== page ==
Westward Look

For at least 10 years, and for transparent reasons, the Town of Oro Valley has wanted to annex the Westward Look.

The 78-acre resort—officially the Wyndham Westward Look Grand Resort and Spa—is a tax-generating, prestigious destination, one of the half-dozen or so major properties that have lured visitors and meeting business to Southern Arizona for decades.

On May 21, after an exhaustive process, analysis, negotiation and decision-making, the Westward Look became part of Oro Valley. Our Chamber is pleased to welcome The Look.

Contiguity allowed the annexation in the first place. Within the Suffolk Hills subdivision, at the Look’s northwest edge, the Town and the Westward Look have shared a 547-foot common boundary, above the required minimum of 300 feet for annexation. Adjacency is a prerequisite to annexation; motivation is a requirement. And, in 2020, both parties had it.

Why would Oro Valley want to annex the Westward Look? That’s easy. Revenue, which is ultimately the reason any government would absorb existing businesses. According to a November 2020 study prepared by Applied Economics, with the receipt of sales, utilities and lodging tax revenues, within 10 years the town can expect a “positive annual net impact of about $916,000 per year for the existing resort,” with an additional $61,000 to $562,000 in fees and taxes paid for any new development along Ina Road. Oro Valley spends about $40 million a year to provide the services and infrastructure we all enjoy, so adding not less than 2.5% to the pie is certainly in the best interests of the community and its citizens.

There’s also a prestige the Westward Look brings to Oro Valley. It’s a drawing card, shining now with a $10 million refurbishment, joining El Conquistador Tucson, A Hilton Resort as Oro Valley’s second front door to the world.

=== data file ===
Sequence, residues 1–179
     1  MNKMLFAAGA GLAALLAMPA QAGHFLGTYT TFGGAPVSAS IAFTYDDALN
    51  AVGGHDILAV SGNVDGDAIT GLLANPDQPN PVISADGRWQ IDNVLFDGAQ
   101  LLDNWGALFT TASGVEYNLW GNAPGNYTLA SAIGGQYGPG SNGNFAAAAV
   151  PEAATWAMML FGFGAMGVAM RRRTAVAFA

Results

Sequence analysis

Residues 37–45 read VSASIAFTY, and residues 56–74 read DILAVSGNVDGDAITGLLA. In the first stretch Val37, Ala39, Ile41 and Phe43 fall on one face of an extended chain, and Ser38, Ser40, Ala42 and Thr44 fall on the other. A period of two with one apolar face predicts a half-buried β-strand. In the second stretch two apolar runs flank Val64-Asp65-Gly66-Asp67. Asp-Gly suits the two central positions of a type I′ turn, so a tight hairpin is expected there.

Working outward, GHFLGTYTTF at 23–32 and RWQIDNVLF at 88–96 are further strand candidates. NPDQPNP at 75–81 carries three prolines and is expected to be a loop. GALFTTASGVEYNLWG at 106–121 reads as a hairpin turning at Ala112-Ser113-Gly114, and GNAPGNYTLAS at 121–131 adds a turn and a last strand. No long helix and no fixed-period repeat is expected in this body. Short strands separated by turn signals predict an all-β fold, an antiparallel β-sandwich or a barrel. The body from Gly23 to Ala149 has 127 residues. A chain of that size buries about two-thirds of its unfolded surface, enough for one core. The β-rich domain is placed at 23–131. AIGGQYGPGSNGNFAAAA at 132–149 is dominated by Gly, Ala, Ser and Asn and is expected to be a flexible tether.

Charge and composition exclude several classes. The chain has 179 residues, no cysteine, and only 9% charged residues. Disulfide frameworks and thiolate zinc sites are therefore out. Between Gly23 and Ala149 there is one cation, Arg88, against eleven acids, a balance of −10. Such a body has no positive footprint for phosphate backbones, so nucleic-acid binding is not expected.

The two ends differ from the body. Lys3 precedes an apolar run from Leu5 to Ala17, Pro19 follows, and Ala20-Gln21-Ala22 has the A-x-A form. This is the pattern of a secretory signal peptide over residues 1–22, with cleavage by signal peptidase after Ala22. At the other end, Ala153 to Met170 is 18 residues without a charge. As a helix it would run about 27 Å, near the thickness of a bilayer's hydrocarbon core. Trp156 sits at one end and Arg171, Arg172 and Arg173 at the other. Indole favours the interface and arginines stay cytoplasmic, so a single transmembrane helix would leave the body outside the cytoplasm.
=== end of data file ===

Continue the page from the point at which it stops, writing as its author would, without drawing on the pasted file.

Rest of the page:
Why would the Westward Look want to be annexed into Oro Valley? Again, the motivation is financial. The pandemic has pounded the hospitality industry, wiping out meeting and convention business, and whittling leisure stays. For its long-term viability, ownership of the Westward Look sought new permissions and new zoning on a total of 18 acres of undeveloped land directly north of Ina on either side of Westward Look Drive. It has now gained such permissions, within a sometimes dizzying array of development alternatives that range from apartments, attached single-family residential and hotel uses to commercial, office and restaurant businesses.

Of course, the residential neighbors of the Westward Look are less than enthused about seeing Ina-bordering property developed. That’s understandable, and respected. Any time development is proposed near homes, neighbors exercise their legitimate rights to protect their private property and their way of life.

The Look’s neighbors have spoken, loud and clear, in several neighborhood meetings via Zoom during the pandemic, two hearings before the Town’s Planning and Zoning Commission, two hearings before the Oro Valley Town Council, and innumerable emails and conversations with town officials. With emotion, they have expressed concerns regarding compatibility of use, land use transitions, open space, wildlife conservation, building height, buffer yard expansion, traffic, lighting, privacy, allowed uses, maturity of trees, location of dumpsters—all valid, all heard repeatedly, and many addressed.

Up front, and throughout, the Town agreed that a previously designated 20.5-acre parcel of open space within the resort shall be protected from development. Additionally, the Town has agreed to take primacy over that section of Ina Road, and to resurface and relandscape a portion of Westward Look Drive now, rather than later. All that is right and appropriate.

As the Oro Valley Chamber president/CEO for 10 years, as a supporter of smart growth and as an OV resident since 2007, I have watched Oro Valley government up close. Its processes, and its commitment to public involvement, can be lengthy and difficult. More than a few times I have shaken my head in exhaustion.

But thorough process and public participation are core values in Oro Valley. This government listens to neighbors, and the development community must respond. When it comes to development in Oro Valley, nobody gets everything they want, but everyone gets something. That’s how Oro Valley goes about its business.

We hope neighbors recognize their beautiful place is close to greater Tucson’s second-busiest intersection, Ina and Oracle. Growth on the north side of Ina is coming. The challenge is to make development palatable to neighbors while serving the needs of private owners, governments, the public at large and the land itself. Neighbors will raise their voices again when development moves forward, as they should. And they’ll be heard.

Oro Valley staff has expressed its “commitment to quality development” along Ina Road. So it shall be. In Oro Valley, quality development is always the final result.

Welcome to Oro Valley, Westward Look!

 

Dave Perry is president/CEO of the Oro Valley Chamber of Commerce

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